The first recorded use of calcium (Ca), and perhaps unknowingly so, was in the form of limestone and gypsum. Builders and construction workers used compounds in many different applications but, most interestingly perhaps, the ancient Egyptians used them in constructing the pyramids. Later, doctors recorded that gypsum was particularly useful to set broken bones; however, it was only in the 1700s that researchers discovered that Ca was a component of bones themselves.

The majority of the Ca (almost 99%) in a horse’s body is found in bones and teeth. However, Ca also has other important bodily functions. For example, it plays a role in muscle contraction, cell membrane function, blood clotting, and some enzymes’ function, as well. As such, the body must regulate blood Ca concentrations carefully. To do so, bone can act as a storage pool for extra Ca, but it is always best if a horse’s diet provides sufficient Ca.

The National Research Council’s Nutrient Requirements of Horses (NRC, 2007) recommends that a mature idle horse weighing 500 kilograms (1,100 pounds) consume 20 grams of Ca daily. This requirement increases to 30 to 40 grams per day for the same horse in light to heavy exercise. Calcium requirements for pregnant mares (weighing 500 kilograms) only increase about mid-way through pregnancy to 28 grams per day and topping out at 36 grams per day towards the end of pregnancy (NRC, 2007). Early lactating broodmares have the highest Ca intake recommendations, starting at 59 grams per day for a 500 kilograms horse, tapering off throughout lactation. Growing horses have high Ca requirements to support growth and bone health, as well (NRC, 2007).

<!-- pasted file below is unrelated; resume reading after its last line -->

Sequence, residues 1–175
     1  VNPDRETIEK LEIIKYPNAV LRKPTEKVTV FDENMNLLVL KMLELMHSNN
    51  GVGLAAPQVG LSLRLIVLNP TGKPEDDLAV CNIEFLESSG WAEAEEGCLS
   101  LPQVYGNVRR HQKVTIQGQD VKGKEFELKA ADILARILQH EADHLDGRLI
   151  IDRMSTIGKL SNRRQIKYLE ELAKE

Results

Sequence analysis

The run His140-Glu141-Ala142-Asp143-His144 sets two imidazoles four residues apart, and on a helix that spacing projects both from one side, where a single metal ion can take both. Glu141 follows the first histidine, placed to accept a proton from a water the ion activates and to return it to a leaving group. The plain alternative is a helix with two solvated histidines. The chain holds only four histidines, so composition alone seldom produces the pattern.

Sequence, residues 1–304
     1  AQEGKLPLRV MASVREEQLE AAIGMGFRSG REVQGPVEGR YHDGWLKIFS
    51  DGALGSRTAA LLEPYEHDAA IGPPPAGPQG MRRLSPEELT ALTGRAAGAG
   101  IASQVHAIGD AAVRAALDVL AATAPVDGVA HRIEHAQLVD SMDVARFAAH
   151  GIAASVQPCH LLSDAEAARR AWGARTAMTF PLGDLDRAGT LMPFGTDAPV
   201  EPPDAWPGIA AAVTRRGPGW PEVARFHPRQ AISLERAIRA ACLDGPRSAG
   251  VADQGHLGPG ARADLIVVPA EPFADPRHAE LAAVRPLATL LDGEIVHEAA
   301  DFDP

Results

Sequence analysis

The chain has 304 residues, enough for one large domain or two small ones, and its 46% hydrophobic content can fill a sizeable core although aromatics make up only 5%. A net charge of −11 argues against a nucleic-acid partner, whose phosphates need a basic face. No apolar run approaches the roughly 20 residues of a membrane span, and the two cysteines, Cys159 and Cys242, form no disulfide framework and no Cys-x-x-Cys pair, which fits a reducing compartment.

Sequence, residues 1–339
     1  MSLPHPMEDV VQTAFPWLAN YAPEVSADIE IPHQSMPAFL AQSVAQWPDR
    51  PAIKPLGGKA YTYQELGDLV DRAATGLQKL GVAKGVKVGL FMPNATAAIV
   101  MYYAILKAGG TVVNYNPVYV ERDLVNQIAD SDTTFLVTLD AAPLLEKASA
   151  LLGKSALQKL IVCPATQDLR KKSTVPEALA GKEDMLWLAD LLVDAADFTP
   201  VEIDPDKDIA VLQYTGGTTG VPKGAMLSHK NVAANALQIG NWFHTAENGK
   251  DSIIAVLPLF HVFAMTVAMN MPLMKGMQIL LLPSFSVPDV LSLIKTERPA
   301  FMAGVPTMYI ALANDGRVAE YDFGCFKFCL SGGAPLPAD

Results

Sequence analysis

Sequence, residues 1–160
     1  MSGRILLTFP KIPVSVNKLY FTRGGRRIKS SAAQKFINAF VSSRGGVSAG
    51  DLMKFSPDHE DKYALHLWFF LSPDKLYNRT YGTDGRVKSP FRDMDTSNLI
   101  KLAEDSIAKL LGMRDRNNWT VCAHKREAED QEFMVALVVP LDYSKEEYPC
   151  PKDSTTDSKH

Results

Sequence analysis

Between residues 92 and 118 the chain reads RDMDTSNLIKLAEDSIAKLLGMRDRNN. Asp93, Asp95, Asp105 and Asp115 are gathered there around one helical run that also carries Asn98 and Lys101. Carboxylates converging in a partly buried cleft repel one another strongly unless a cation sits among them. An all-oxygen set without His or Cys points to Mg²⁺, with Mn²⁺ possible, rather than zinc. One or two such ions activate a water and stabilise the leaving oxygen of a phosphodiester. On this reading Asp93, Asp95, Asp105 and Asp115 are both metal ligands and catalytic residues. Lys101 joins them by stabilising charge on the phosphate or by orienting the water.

Forages typically contain higher Ca levels than grains. However, legumes (e.g. alfalfa) on average contain more than twice the amount of Ca than do grass forages. Therefore, while grass forages might be sufficient to meet some horses’ Ca requirements (such as idle mature horses), alfalfa hay will generally provide more Ca and more closely meet growing horses’ higher Ca needs, than a grass forage.

Commercial concentrate feeds also often include a Ca supplement. Calcium can be added to a concentrate feed as either an organic (e.g. calcium-amino acid proteinate) or inorganic (e.g. calcium chloride or calcium carbonate) form. When feeding such a commercial feed in addition to forage, as per the feed manufacturer’s instructions on the bag, your horse’s Ca requirements should be met. However, you should contact an equine nutritionist or veterinarian if you have any questions regarding your horse’s Ca intake.

Mieke Holder, PhD, is an assistant research professor within the University of Kentucky’s Department of Animal and Food Sciences.

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